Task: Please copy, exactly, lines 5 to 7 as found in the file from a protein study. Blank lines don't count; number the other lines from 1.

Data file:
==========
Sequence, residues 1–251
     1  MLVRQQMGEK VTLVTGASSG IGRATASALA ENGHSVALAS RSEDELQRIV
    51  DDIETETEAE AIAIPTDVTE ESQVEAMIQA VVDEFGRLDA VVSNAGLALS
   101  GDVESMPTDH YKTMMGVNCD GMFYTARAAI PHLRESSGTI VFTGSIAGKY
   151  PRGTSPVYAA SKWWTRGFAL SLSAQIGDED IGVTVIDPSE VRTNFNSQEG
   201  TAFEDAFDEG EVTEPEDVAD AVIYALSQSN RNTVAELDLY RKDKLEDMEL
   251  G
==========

   151  PRGTSPVYAA SKWWTRGFAL SLSAQIGDED IGVTVIDPSE VRTNFNSQEG
   201  TAFEDAFDEG EVTEPEDVAD AVIYALSQSN RNTVAELDLY RKDKLEDMEL
   251  G